Date/s of Finds: 7th-8th-9th July 2016
Number of Finds: 5
Found with: Big J
A Travelling Adventure for the Geo-Kids:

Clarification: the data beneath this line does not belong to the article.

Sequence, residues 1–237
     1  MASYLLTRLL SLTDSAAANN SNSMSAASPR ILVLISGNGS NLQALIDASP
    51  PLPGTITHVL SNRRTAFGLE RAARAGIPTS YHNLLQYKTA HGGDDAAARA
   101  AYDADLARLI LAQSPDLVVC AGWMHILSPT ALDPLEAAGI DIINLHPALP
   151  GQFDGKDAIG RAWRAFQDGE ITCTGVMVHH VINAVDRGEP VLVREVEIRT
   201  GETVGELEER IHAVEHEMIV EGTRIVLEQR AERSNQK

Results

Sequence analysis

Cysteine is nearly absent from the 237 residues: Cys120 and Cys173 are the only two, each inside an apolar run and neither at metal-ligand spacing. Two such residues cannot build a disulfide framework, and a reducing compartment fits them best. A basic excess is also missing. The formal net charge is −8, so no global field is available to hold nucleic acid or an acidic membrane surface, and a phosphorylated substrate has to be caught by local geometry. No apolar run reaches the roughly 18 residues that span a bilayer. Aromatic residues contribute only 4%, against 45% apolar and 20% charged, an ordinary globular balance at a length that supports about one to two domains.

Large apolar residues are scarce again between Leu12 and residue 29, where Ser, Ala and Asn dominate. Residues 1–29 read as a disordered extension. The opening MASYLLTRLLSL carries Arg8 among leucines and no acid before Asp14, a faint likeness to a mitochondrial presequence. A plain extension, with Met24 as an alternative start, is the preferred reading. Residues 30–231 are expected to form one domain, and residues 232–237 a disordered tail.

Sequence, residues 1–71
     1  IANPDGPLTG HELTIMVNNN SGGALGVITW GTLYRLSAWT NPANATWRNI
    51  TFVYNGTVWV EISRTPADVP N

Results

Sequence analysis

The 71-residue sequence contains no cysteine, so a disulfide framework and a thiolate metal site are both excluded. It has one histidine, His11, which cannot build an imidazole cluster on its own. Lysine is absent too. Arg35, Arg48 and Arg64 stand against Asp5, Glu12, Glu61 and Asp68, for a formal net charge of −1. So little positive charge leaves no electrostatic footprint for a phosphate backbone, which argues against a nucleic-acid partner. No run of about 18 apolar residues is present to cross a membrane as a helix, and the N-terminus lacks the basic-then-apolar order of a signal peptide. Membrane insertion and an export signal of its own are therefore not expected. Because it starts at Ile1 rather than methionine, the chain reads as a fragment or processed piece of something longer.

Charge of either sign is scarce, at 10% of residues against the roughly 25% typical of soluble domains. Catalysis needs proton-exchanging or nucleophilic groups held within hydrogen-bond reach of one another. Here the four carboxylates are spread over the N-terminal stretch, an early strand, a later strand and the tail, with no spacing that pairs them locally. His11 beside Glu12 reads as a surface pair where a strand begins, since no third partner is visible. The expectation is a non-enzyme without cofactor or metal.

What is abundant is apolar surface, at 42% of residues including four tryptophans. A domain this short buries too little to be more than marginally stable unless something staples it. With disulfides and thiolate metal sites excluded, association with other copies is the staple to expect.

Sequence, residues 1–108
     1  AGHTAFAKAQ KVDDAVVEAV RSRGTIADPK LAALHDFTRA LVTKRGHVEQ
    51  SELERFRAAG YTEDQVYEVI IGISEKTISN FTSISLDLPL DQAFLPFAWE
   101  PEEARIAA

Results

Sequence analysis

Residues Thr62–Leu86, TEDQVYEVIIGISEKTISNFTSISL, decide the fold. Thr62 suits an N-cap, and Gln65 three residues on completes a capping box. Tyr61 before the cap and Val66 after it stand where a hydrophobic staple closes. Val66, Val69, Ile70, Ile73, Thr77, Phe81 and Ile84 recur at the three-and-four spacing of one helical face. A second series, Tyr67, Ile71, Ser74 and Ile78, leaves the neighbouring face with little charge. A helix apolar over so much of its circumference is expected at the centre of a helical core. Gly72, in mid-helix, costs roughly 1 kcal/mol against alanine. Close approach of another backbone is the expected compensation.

Mid-way through the winter school holidays I decided to take the girls out on a full day adventure – I figured we’d find a cache or 2 along the way, but that wasn’t the goal nor the reason for the adventure. Starting out at home, we caught the bus to the train station, then the train to Rhodes, via Epping… I thought we’d be able to pick up a cache at Rhodes, but the nearest ones to the station, weren’t actually very near at all, and in the opposite direction to where our adventure was taking us. Not to worry – we headed off through Rhodes to the edge of the Parramatta River – and while all the caches were blocks away from the our route, we did accidentally pass by a Poke-Stop. I knew there was one of these Pokemon-Go locations at Rhodes – there had been a couple of photos of the Rhodes place on social media when the craze first took off… but I had underestimated the craze, and at first didn’t quite compute the oddity of all the 20-something people walking past us up and down this street with their faces glued to their phones as they walked – they walked like geocachers, but didn’t smell like geocachers… Then we reached a children’s playpark and WHOA NELLY! I’d never seen anything quite like it – dozens of 20-somethings, in the middle of a weekday, in a place where you would usually be lucky to find one or two toddlers and their mums, there these people milled about, face to phone, not really interacting with each other…. and most surprising of all, this poke-stop obviously had so many visitors in the past few weeks, it was surrounded by orange and white crowd control barricades! Amazing – and the kids thought the funniest thing they’d ever seen!